You perceived that Spielberg was sending that message. I did not get that message when I watched it. Maybe you saw it that way because you wanted to see it that way.

You are aware, I hope, that Spielberg was the DIRECTOR of the movie. It was written by Robert Rodat.

I am not sure what other message is being sent in a scripted fictional movie where a released prisoner returns to kill his savior. And yes I know Spielberg is the Director, not the writer. I'm not going to engage in a silly debate about the creative authority Spielberg has over every aspect of his films, regardless of who receives which credit.


You blamed Spielberg because he is Jewish. The man who wrote the scene is not Jewish. Can you prove that Spielberg rewrote the scene?

He did not return to kill his savior. He returned to kill the man who did not take him prisoner. What does it tell you when a bunch of GIs want to kill a POW? A german who was taken prisoner was being saved, one who is allowed to return to combat was being condemned.
 
2012-12-09 03:01:54 PM  

semiotix: Yeah, I know, they're not fighting by the "rules of war" with uniforms and such. Of course they're not--if they lined up in formations and all tied identical ribbons to their arms, they'd all be dead in the first round of drone strikes. They're engaging in asymmetrical warfare (or whatever synonym you prefer) which is functionally impossible to do by the "rules." The fact that they're not scrupulously calling war-fouls on themselves is NOT why we're mad at them, though, you know. We'd be every inch as much up Afghanistan's ass if their marked bombers, commanded by Gen. bin Laden, had tried to blow up a bunch of military installations on 9/11. We just would have won a lot faster.

A bunch of agreed-upon ground rules codified in Switzerland a hundred years ago and then kinda-sorta followed, tongue-in-cheek, by certain parties to certain parts of one war fought immediately afterward, is not what defines personal honor or humanity. No one set of one-size-fits-all rules does that. Hell, think of your favorite Nazi-prison-break movie. Now count the Geneva Convention violations committed by the good guys. Using the Red Cross to smuggle in contraband?! A flagrant violation of the rules of war! I'm sure the Axis powers had to retire to their fainting couches when they realized that was going on. But I'm not exactly about to say we were fighting dirty in WWII on that account.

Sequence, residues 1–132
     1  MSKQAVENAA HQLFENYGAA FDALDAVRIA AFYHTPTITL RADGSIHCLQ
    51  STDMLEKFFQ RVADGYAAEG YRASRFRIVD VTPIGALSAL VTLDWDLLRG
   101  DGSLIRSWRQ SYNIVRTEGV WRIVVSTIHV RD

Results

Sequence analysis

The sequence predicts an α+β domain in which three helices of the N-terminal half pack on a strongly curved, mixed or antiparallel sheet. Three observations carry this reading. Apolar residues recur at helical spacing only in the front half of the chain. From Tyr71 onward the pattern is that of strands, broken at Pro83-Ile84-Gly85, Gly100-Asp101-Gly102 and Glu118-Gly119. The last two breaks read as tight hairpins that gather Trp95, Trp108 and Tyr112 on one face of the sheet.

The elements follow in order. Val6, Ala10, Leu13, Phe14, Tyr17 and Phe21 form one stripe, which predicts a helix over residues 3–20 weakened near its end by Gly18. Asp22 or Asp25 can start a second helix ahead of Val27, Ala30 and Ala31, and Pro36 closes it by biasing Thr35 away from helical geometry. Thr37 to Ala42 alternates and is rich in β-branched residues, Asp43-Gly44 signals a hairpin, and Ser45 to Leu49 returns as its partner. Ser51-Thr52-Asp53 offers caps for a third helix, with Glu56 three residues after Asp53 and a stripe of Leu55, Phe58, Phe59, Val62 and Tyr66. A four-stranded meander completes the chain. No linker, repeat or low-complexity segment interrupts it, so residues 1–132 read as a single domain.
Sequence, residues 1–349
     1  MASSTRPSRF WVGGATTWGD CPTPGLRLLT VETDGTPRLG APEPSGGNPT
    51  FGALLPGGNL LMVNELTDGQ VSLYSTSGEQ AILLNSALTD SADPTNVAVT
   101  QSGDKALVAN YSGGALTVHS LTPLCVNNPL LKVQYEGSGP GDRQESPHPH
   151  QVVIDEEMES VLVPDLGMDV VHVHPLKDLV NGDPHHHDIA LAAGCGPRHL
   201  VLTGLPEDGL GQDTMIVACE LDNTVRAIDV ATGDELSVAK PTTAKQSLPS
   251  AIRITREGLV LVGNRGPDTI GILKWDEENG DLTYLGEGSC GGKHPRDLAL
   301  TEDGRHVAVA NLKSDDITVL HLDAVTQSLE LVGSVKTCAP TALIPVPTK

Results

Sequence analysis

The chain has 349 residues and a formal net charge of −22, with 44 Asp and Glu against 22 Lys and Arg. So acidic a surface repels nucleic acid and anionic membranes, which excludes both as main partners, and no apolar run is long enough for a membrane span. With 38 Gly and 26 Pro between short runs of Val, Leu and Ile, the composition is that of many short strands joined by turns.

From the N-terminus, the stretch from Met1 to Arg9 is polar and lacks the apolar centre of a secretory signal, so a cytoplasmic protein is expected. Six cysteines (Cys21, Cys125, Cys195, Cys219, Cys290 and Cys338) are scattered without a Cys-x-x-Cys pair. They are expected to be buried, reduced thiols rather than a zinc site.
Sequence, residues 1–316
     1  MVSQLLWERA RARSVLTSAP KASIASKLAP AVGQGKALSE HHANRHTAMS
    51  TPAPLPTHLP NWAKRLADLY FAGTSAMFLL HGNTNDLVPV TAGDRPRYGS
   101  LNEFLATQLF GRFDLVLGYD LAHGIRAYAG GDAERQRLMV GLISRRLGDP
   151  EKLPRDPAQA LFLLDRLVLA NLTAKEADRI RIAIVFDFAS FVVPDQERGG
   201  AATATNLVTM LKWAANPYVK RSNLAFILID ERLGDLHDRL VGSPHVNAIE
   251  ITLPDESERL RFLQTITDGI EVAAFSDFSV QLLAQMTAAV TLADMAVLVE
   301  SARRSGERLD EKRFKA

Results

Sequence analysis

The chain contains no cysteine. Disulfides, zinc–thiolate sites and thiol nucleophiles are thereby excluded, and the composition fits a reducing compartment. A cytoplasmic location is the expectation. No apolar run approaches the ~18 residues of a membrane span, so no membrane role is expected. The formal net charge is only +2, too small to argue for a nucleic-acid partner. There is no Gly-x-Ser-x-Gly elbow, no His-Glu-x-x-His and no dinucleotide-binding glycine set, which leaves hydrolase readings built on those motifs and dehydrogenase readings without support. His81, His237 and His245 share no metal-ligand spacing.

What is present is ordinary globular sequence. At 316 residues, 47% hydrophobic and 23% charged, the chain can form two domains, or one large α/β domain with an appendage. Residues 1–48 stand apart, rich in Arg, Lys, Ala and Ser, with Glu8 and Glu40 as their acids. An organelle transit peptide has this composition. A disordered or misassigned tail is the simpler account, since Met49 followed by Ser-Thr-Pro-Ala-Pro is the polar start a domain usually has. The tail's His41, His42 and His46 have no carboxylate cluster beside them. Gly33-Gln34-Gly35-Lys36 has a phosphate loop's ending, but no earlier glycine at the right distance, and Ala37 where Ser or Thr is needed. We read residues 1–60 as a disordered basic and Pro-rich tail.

For both of you, and for anybody else who freaked out in the meantime because TERRORISTS, here's the tl;dr: relax. Just prepare yourself for the inevitable day when you have to acknowledge that there are a few of the current bad guys who actually don't turn out to be as bad as they look in the middle of a war against them.


You have poor reading comprehension skills. I hold no disrespect for someone that as a solider fights soldiers. The second you start to target civilians directly(among other things), such as killing and disfiguring the women of your own country for the audacity of getting an education, you cease to become redeemable.
 
2012-12-09 03:03:29 PM  

semiotix: chuckufarlie: I suppose that you believe that there was no difference between German and a Nazi. If so, you would be wrong once again. With all of your pontificating, your grasp of the reality of the situation is very poor.

And if you think that some member of the Taliban is going to show mercy, you are even a bigger fool.

I think the odds of me being shown mercy by any given Nazi or Talibani fighter are extremely slim, just as I think the odds of them being given a break by any given Allied or U.S. soldier are extremely slim. It's war; the point isn't to show how merciful you are. For that matter, if it had been good ol' Charlie Brown showing that mercy to a guy fighting for the guys who were running Auschwitz, I don't think we'd all be feeling so warm and fuzzy about his act of tender humanity.